This Article focuses on one institution-the European Court of Human Rights (Court of Human Rights or Court)-and how it deals with these issues in connection with claims for the restitution of property. The question of restitution came to prominence with the collapse of the communist states, although it has also been an issue in other transitions. At the national level, there has been no uniformity in the approach to restitution, except that to the limited extent that none of the European states has attempted to entitle everyone who unlawfully or unjustly lost property under the old regime to restitution of their property. Some states have resisted restitution: Poland has yet to determine whether, or how, it will provide restitution, and Turkey has dragged its feet on implementing judgments of the European Court of Human Rights regarding property in northern Cyprus held by Greek Cypriots who fled after the 1974 conflict. Those states that did enable restitution have varied in the degree of their commitment to their own programs. In Romania, for example, restitution has proceeded in fits and starts, with the courts and administrative authorities often issuing conflicting orders regarding the same property. On the other hand, Czechoslovakia, and later the separate Czech and Slovak Republics, embarked on an ambitious program of restitution. However, in order to make it economically feasible, and in order to limit restitution to resident citizens, Czechoslovakia imposed restrictions based on nationality, the current use or ownership of the property, and the timing and circumstances of the original loss. Hungary’s program was broader, but it only offered compensation rather than restitution. Other states have provided substitute land as compensation. Germany offered a combination of restitution and compensation, but eventually gave privatization priority over both; in addition, it denied restitution to anyone expropriated during the Soviet occupation of 1945-49.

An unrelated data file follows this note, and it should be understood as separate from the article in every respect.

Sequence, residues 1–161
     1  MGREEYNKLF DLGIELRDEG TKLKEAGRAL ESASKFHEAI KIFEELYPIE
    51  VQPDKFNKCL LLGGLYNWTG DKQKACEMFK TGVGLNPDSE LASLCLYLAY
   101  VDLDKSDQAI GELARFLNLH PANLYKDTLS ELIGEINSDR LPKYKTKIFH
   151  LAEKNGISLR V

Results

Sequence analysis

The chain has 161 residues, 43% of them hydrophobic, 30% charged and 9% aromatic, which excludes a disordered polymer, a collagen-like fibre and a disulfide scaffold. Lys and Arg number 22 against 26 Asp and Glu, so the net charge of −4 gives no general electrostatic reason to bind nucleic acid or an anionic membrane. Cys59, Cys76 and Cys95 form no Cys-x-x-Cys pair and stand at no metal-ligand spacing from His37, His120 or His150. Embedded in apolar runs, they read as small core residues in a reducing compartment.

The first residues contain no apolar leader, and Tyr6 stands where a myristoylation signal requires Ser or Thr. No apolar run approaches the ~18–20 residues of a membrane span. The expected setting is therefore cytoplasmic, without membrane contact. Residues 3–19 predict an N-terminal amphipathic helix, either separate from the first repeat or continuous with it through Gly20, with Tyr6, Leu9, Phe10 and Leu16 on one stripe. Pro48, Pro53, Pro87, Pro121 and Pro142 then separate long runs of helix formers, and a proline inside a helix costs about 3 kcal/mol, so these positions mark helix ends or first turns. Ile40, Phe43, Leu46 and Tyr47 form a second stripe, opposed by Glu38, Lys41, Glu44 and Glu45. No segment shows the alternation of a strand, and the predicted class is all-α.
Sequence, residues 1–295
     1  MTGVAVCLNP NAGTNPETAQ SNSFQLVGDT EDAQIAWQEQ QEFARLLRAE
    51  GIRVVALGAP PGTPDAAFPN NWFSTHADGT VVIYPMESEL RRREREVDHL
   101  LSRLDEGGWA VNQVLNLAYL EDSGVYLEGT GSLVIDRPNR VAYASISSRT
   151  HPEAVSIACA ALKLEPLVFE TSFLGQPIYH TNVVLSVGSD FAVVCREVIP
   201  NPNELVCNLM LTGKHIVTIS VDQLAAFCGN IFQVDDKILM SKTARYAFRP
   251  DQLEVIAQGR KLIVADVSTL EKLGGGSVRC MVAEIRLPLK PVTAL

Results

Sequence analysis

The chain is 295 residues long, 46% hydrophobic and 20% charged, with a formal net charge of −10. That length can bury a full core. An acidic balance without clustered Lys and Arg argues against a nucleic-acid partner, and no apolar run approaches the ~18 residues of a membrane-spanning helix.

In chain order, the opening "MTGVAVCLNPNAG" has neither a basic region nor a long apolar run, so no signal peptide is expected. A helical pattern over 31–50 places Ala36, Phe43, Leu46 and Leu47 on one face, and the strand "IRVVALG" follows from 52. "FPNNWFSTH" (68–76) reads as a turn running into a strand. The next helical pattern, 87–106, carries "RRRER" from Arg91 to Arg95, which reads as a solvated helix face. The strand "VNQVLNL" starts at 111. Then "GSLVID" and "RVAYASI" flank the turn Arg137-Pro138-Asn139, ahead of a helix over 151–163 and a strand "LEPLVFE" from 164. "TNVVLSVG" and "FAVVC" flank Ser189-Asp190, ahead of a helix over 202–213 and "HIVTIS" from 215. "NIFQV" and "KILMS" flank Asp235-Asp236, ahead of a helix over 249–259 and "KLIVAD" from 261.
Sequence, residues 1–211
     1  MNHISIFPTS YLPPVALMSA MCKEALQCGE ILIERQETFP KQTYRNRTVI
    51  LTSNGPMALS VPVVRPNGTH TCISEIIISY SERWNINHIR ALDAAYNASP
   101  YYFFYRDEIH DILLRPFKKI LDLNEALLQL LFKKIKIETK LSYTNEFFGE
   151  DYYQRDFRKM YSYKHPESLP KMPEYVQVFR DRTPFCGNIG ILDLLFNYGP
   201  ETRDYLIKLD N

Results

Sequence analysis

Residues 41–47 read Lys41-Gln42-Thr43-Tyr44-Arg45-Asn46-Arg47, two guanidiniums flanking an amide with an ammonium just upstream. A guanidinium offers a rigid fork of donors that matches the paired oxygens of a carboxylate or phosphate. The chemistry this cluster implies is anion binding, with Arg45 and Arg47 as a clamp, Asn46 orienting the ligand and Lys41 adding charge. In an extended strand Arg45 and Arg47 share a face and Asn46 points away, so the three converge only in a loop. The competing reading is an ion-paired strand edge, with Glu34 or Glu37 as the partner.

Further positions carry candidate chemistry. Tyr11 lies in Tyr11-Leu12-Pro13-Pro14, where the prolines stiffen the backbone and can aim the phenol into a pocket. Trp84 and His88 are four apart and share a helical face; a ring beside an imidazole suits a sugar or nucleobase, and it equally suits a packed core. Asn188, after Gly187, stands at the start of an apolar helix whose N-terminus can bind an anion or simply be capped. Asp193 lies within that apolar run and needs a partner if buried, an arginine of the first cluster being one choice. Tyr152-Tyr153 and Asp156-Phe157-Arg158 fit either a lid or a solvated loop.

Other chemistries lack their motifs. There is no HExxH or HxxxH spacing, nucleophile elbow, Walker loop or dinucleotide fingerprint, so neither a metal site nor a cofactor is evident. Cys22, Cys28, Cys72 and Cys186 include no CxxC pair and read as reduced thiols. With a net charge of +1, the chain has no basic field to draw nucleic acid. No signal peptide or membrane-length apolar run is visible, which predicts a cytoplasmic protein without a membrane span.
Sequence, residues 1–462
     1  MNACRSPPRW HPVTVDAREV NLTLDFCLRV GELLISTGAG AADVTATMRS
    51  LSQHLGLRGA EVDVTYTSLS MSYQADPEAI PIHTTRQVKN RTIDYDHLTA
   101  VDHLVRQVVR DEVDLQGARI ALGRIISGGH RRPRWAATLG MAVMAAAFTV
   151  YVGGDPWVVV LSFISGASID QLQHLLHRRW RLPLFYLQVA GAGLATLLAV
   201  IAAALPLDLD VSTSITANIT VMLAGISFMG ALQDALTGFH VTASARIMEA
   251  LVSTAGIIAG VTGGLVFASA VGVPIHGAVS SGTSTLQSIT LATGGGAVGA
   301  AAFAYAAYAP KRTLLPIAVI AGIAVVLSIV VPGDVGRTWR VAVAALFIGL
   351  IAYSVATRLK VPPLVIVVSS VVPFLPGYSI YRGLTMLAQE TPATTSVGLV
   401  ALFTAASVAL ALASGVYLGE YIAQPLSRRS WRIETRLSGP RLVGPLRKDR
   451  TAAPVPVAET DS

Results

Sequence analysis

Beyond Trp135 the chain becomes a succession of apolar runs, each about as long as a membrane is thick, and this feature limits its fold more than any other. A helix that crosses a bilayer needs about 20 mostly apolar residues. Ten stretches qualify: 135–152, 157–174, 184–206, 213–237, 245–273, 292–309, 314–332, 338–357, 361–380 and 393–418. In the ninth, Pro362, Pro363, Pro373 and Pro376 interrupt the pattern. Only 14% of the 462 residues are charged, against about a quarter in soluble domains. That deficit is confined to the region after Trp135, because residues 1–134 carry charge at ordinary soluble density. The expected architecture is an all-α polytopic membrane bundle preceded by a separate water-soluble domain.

This diversity is not surprising, given the different circumstances of these states. In the ex-communist states, the practical difficulties of restitution depend partly on the extent and depth of nationalization, which varied from state to state. In addition, post-World War resettlements of refugees affected states differently, and these differences have had an impact on restitution policies. In the Czech Republic and Poland, for example, restitution policies were designed partly to prevent ethnic Germans who were expelled at the end of the War from returning, or at least from recovering title. In any case, leaving aside these differences, there is no general consensus on the desirability of restitution. For example, it is not clear that restitution either advances or retards economic growth. The effect of restitution on the rule of law is also disputed. It has been argued that restitution demonstrates a commitment to the rule of law, by distinguishing the present regime from its predecessor and by providing a positive signal that property rights will be respected in future; but this is countered by concerns that the rule of law would be undermined by restitution programs that upset titles that were acquired in good faith during the pre-transitional era.